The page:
Today’s post is brought to you by Women’s Equality Day. In the US we celebrate this day in honor of the application of the Nineteenth Amendment to the US Constitution on August 26, 1920.

This amendment protects the citizen’s right to vote regardless of their sex. This was a monumental step for women in the US and the fight for overcoming the woman’s suffrage movement. While we want to give thanks and acknowledgment to all of the women that fought so hard to get women’s right to where they are right now, I think it’s important for us to look outside of our US experience of what it’s like to be a woman, and take a look at the experiences that women in Afghanistan are presently facing.

20 years ago, the Taliban ruled over Afghanistan. The last time the Taliban ruled over Afghanistan, the rights of women were stripped. What that looked like for women in Afghanistan was: the closing of women’s universities, forcing nearly all women to quit their jobs (at the time women made up 70% of schoolteachers, 50% of government workers and university students, and 40% of doctors), restricted access to medical care, which resulted in Afghanistan having the world’s second-worst rate of maternal death during childbirth averaging 16 out of 100 births resulting in death. Restrictions on what women were allowed to wear, requiring for women to be covered in a burqa (which economically isn’t feasible for all women, and leaves women of disability at a major disadvantage). Children were stripped of their youth and creativity by the taking away of their songs, dolls, stuffed animals, and school access ending at the age of eight years old. (Bureau of Democracy, Human Rights and Labor “Report on the Taliban's War Against Women”, 2001,  

This is the fear and present reality that women in Afghanistan are currently facing. Women in Afghanistan have been free for the past 20 years from this ruling. The quality of life that women have been working so hard for is now at risk of being stripped away from them. I had the honor of interviewing Sacramento-based human rights activist Lovelynn Ramirez. Lovelynn has been working closely with the current human rights crisis that Afghanistan is presently facing.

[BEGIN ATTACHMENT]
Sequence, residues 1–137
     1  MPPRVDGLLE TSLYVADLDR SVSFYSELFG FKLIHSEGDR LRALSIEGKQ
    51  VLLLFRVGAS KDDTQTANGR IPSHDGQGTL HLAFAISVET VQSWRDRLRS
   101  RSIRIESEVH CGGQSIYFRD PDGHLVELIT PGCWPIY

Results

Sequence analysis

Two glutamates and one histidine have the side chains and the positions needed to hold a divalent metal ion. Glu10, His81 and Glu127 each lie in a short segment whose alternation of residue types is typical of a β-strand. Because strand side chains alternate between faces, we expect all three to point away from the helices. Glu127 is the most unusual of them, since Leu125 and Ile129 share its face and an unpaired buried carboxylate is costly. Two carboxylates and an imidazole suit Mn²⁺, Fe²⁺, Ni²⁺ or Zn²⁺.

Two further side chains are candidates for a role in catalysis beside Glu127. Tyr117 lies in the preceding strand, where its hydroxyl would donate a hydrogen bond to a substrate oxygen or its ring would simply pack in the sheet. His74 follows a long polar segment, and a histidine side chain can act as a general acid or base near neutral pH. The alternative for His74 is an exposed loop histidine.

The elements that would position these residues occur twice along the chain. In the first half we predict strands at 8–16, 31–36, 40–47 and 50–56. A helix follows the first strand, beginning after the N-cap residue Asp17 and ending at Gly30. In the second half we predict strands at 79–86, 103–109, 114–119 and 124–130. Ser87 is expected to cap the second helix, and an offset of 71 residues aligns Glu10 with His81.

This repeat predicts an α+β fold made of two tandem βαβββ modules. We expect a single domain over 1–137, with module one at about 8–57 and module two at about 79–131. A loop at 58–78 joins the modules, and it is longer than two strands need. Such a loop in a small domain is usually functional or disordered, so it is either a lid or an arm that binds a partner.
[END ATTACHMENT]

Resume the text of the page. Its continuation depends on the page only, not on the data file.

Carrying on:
Last year in 2020, Lovelynn had the opportunity to visit Afghanistan while volunteering as humanitarian aid. Part of her experience as a humanitarian aid included: sponsorship/donor aid, personal contributions, organizing Go Fund Me’s, volunteering at orphanages, handing out food- the opportunities are endless in ways that you can contribute and help. During her volunteering season, she developed a strong bond with the culture and country of Afghanistan. “Afghanistan is the #1 misunderstood country, that’s primarily associated with war/terrorism, and that couldn’t be further from the reality. It’s such a beautiful country, rich in community, culture- and has some of the best food I’ve ever eaten! I experienced the most hospitable people I’ve ever met during my time there. It is such an honor and privilege to have experienced Afghanistan’s beauty and magic, and its people of such resilience and strength. It is truly a Godly place. I hope that everyone would have an opportunity to experience the beauty of this land at least once in their lifetime.”

Lovelynn’s experience in 2020 in Afghanistan led her to develop a special, interpersonal relationship with a woman survivor from the November 2020 terrorist attack on Kabul University led by the Taliban. The remainder of the article will include details of violence, and oppression that might be triggering to some readers. Please advise carefully. By sharing this detailed story, we at WEW Cosmetics hope to shed light on the suppression against women that we in the US have the privilege of not having to experience. We hope to bring awareness of how our freedom as women here in the US has come so far, but it is our duty as women looking to empower other women, we must look outside of our circumstances and lend a hand, and help where we can. We are better together.